Share the dream, judge all equally

Mahalo​ ​to​ ​my​ ​friend,​ ​Jack​ ​Custer,​ ​for​ ​his​ ​letter​ ​in​ ​response​ ​to​ ​my​ ​letter to the editor​ ​(Aug.​ ​26),​ ​which​ ​expressed​ ​gratitude​ ​to​ ​Clinton​ ​Shiraishi and​ ​World War II​ ​veterans​ ​like​ ​him.​ While​ ​disturbing​ ​to​ ​many,​ ​Jack’s​ ​letter (Sept.​ ​3)​ ​gave​ ​me​ ​the​ ​chance​ ​to​ ​reflect​ ​on​ ​the​ ​nature​ ​of​ ​the misunderstanding.​ Hopefully​ ​I​ ​can​ ​bring​ ​some​ ​clarity​ ​in​ ​my​ ​response​ ​here. I​ ​think​ ​we​ ​are​ ​closer​ ​than​ ​appears.

Jack:​ ​I​ ​have​ ​not​ ​forgotten,​ ​nor​ ​will​ ​I​ ​ever​ ​forget,​ ​who​ ​bombed​ ​Pearl​ ​Harbor. It​ ​was​ ​the​ ​nation​ ​of​ ​Japan​ ​as​ ​represented​ ​by​ ​its​ ​leaders​ ​and​ ​the​ ​Japanese military.​ It​ ​was​ ​a​ ​dastardly​ ​act​ ​which​ ​caused​ ​death​ ​and​ ​suffering​ ​for​ ​many Americans.​ ​​Nothing​ ​can​ ​ever​ ​justify​ ​or​ ​excuse​ ​such​ ​an​ ​evil​ ​act.

It​​ was​​ against ​​the ​​Axis​​ powers,​​ including​​ Japan, ​​that​​ Japanese-A​merican (emphasis​ ​on​ ​“American”)​ ​soldiers​ ​like​ ​Clinton​ ​Shiraishi​ ​and​ ​my​ ​father fought.​ ​​ ​Mr.​ ​Shiraishi​ ​was​ ​injured​ ​and​ ​many​ ​Japanese-American​ ​soldiers died​ ​as​ ​part​ ​of​ ​the​ ​effort​ ​that​ ​ultimately​ ​saved​ ​the​ ​world​ ​from​ ​Nazi domination​ ​and​ ​the​ ​ideas​ ​of​ ​racial​ ​supremacy.

I​ ​wrote​ ​that​ ​Japanese-American​ ​soldiers​ ​fought​ ​on​ ​two​ ​fronts — against​ ​the enemies​ ​of​ ​America​ ​and​ ​against​ ​the​ ​prejudice​ ​of​ ​their​ ​own​ ​countrymen. This​ ​is​ ​best​ ​illustrated​ ​by​ ​the​ ​true​ ​story​ ​of​ ​the​ ​late​ ​U.S.​ ​Sen. ​Daniel​ ​K. Inouye,​ ​who​ ​lost​ ​his​ ​right​ ​arm​ ​as​ ​a​ ​Japanese-American​ ​soldier​ ​fighting​ ​with the​ ​famed​ ​442nd​ ​Infantry​ ​Regiment​ ​against​ ​the​ ​Axis​ ​powers​ ​in​ ​Europe. After​ ​the​ ​war,​ ​dressed​ ​in​ ​full​ ​U.S.​ ​Army​ ​uniform,​ ​without​ ​his​ ​right​ ​arm,​ ​he was​ ​refused​ ​a​ ​haircut​ ​in​ ​California​ ​because​ ​he​ ​looked​ ​like​ ​the​ ​“enemy.”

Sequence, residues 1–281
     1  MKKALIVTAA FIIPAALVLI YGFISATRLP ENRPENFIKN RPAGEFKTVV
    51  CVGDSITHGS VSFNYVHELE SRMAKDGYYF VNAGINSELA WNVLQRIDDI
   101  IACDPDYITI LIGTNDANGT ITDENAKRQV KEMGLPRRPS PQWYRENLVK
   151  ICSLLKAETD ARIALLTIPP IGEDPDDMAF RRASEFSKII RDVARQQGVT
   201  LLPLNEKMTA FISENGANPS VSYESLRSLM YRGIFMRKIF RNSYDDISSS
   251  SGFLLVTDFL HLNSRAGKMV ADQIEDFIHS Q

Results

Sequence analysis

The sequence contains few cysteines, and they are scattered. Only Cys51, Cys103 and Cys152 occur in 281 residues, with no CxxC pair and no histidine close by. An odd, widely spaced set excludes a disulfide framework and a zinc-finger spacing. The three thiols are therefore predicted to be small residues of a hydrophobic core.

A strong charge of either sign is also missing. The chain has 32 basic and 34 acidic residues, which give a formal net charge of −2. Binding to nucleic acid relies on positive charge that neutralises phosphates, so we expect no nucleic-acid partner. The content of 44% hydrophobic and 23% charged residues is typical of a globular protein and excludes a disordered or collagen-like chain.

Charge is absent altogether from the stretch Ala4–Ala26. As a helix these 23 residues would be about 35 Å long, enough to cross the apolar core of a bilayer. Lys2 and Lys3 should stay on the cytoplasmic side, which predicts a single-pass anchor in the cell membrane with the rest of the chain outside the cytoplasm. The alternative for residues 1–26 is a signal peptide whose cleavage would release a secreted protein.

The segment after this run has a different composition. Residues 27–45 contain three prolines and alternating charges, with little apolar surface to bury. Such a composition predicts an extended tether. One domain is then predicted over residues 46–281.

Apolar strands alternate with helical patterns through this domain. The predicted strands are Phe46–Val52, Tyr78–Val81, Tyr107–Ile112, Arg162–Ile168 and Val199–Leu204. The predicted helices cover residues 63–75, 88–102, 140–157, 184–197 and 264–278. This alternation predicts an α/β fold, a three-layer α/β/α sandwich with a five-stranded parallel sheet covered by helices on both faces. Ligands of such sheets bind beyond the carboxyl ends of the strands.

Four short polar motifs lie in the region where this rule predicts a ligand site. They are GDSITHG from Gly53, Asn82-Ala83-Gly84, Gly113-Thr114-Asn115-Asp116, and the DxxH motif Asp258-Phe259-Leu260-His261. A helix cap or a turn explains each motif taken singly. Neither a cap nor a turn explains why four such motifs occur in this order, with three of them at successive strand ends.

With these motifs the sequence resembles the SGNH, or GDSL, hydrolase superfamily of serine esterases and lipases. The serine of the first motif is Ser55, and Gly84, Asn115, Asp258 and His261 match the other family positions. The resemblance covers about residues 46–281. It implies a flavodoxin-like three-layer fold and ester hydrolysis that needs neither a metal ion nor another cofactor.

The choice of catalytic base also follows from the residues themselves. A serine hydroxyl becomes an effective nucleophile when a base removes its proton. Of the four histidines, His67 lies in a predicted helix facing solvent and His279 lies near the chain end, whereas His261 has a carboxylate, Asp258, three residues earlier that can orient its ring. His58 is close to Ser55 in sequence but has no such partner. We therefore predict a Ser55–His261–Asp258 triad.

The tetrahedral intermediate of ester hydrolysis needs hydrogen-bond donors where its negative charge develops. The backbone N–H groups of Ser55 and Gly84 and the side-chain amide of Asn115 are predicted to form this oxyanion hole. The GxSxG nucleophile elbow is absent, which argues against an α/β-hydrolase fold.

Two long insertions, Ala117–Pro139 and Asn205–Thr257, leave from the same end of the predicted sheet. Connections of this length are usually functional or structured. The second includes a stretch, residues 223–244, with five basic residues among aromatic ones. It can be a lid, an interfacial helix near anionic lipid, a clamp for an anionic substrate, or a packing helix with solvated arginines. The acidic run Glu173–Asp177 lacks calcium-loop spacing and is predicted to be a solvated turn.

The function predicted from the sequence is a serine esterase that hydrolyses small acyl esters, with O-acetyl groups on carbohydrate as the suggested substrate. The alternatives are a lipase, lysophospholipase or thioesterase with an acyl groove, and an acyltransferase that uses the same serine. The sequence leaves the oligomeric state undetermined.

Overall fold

That’s​ ​all​ ​I​ ​was​ ​trying​ ​to​ ​say,​ ​Jack.​ ​​​I​ ​was​ ​not​ ​trying​ ​to​ ​excuse​ ​the​ ​Japanese government — only​ ​trying​ ​to​ ​hold​ ​up​ ​the​ ​dream​ ​of​ ​my​ ​dad,​ ​Mr.​ ​Shiraishi, Martin​ ​Luther​ ​King​ ​Jr.​ ​(whom​ ​I​ ​paraphrase​ ​here)​ ​and​ ​all​ ​of​ ​us​ ​who​ ​believe in​ aloha,​ ​which​ ​I’m​ ​sure​ ​includes​ ​you.​ ​It’s​ ​the​ ​dream​ ​that​ ​one​ ​day​ ​we​ ​will live​ ​in​ ​a​ ​world​ ​where​ ​people​ ​“will​ ​not​ ​be​ ​judged​ ​by​ ​the​ ​color​ ​of​ ​their​ ​skin​ ​but by​ ​the​ ​content​ ​of​ ​their​ ​character.”​ ​​It’s​ ​a​ ​dream​ ​World War II​ ​veterans​ ​died​ ​for. Now​ ​it’s​ ​our​ ​turn​ ​to​ ​make​ ​that​ ​dream​ ​reality,​ ​starting​ ​with​ ​ourselves.


JoAnn​ ​Yukimura is a resident of Lihue and a member of the Kauai County Council.


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